Sing a Sad Song

29 Apr

Thursday night, Necole and I went to the Schermerhorn Symphony Center to see B.B. King. Her Christmas present to me was a pair of fourth row seats, and I couldn’t have been happier with the gift. As we walked to the venue, I heard a George Jones song drifting from one of the honky tonks nearby. Only in Nashville will you find a symphony hall and honky tonks in the same vicinity.

The song made me think of the upcoming concert at Bridgestone Arena, which sits a block away, that was supposed to be the last for George Jones. Dozens of performers were coming to send the Possum into retirement. Knowing that he was in the hospital, I told Necole that I hoped he would make it through this final tour.

We made it to our awesome seats and watched an opening act before B.B. King came to the stage. He performs well for someone who is 87-years-old, but there were a few things that I noticed.

The band does the heavy lifting of the concert. They performed for ten minutes before he was helped to his chair at the front of the stage.

He tells a lot of stories between songs, which gives him an opportunity to rest.B.B. King II

Also, the songs are usually cut short of their original length, and he doesn’t play all the way through.

Please understand that these are not critiques. I was happy to see the King of the Blues and was happy that he is still able to perform. I just wondered why he is still performing. Does he need the money? Does he do it so the members of his band can have a steady income? Does he do it because he needs the music and the audience?

It could be the latter because he stayed on stage long after he was scheduled to leave. The bodyguards came to get him, and, eventually, the band stopped playing. All along he talked to the audience and greeted fans who came to the stage. He needed the experience to continue.

We, along with most of the audience, left while he was still there. We had seen the great B.B. King and heard his best known song, “The Thrill Is Gone“. As you can tell, it is a sad song, as most Blues songs tend to be. That’s one thing that connects Blues with Country, Nashville’s predominant sound.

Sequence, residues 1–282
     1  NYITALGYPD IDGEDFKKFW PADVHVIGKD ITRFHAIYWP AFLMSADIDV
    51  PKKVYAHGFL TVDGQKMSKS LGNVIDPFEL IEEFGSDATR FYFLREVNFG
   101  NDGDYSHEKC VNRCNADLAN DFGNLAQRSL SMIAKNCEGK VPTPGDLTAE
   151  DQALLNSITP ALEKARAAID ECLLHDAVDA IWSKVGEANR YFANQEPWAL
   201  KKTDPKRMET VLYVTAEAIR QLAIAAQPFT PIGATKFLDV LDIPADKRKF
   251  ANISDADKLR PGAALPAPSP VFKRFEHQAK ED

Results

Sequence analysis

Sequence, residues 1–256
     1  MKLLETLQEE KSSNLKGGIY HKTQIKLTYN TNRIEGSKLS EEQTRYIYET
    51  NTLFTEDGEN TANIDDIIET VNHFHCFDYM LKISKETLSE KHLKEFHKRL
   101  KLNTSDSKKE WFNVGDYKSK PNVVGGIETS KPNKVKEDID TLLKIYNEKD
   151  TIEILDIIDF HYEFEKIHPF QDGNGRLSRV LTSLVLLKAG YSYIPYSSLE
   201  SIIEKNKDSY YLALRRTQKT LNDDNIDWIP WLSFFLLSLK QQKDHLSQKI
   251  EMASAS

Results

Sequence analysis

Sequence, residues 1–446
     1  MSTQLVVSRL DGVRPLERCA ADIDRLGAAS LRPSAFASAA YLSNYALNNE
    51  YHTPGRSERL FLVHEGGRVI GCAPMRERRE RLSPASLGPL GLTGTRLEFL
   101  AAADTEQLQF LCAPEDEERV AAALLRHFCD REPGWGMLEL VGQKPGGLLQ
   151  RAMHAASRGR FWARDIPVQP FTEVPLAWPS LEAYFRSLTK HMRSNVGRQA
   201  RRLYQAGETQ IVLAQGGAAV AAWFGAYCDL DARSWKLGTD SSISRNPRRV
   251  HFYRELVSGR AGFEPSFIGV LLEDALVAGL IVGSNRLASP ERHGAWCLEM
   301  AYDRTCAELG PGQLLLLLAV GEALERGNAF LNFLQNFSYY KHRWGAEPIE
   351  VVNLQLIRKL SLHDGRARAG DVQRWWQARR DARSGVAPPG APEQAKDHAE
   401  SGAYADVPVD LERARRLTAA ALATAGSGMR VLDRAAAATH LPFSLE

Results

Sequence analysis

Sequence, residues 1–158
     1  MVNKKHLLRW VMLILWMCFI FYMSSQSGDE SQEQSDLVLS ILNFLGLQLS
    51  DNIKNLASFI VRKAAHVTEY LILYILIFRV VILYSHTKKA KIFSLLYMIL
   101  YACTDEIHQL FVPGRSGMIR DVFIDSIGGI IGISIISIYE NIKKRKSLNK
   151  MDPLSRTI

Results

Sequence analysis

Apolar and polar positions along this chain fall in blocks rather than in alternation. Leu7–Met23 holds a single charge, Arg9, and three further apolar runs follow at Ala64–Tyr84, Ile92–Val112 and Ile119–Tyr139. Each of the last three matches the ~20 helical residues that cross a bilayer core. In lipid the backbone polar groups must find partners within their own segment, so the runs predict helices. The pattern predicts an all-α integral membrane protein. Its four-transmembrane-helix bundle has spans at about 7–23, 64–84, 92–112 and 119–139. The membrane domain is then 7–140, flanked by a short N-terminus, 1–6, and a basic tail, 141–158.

Friday morning, news came across the wire that George Jones had passed away. Tributes immediately hit the Internet and other ways of getting the word out. I thought of the conversation that Necole and I had the night before and about the singer that the world had lost. It has been documented that George Jones lived a turbulent life and that he was, through the opinion of many people, the greatest Country singer who ever lived.George Jones

I don’t know where he ranks in the pantheon of Country, but I know that he epitomized the genre. He lived it, and he sang it. He sang the sadness that Country songs are supposed to be. The song that I heard coming from the honky tonk is considered by many to be the greatest Country song ever recorded. “He Stopped Loving Her Today“, written by a man in my hometown, is sung hauntingly by George Jones. You can hear the sorrow and the pain come through. Perhaps, he could sing that way because he could feel that way.

Last night, Necole and I went to Bridgestone Arena to see Jimmy Buffett.Jimmy Buffett

The Parrotheads were out in the finest grass skirts, sailor hats and coconut bras. As it is with every Buffett concert, the atmosphere was tropical and festive. As Necole said, it’s like he brings vacation to the people rather than the people going on vacation. He went through all of the favorites, and everyone sang along with him.

However, I noticed that several of Jimmy Buffett’s songs have festive music that covers up less than festive words. “Margaritaville” is about a man trying to forget a lost love. “He Went to Paris” is about the tragedies that an old man has seen in his life.

Even Jimmy Buffett sings sad songs, but he can also sing the sad songs of others. Near the end of a concert designed to be a beach party, he sang one of George Jones’, and he sang it in the arena where the Possum was going to have his last concert. That arena sits by dozens of honky tonks where sad songs by George Jones are sung every night.

2 Responses to “Sing a Sad Song”

  1. DyingNote May 5, 2013 at 12:09 #

    “Does he do it because he needs the music and the audience?” Perhaps you hit the nail on the head. He will go some day, like the rest of us. And when he does, I hope he goes with pick and strings in his hands.

    • Rick May 5, 2013 at 13:52 #

      Without a doubt, Lucille will be by his side.

Leave a Reply

Fill in your details below or click an icon to log in:

WordPress.com Logo

You are commenting using your WordPress.com account. Log Out /  Change )

Google photo

You are commenting using your Google account. Log Out /  Change )

Twitter picture

You are commenting using your Twitter account. Log Out /  Change )

Facebook photo

You are commenting using your Facebook account. Log Out /  Change )

Connecting to %s

%d bloggers like this: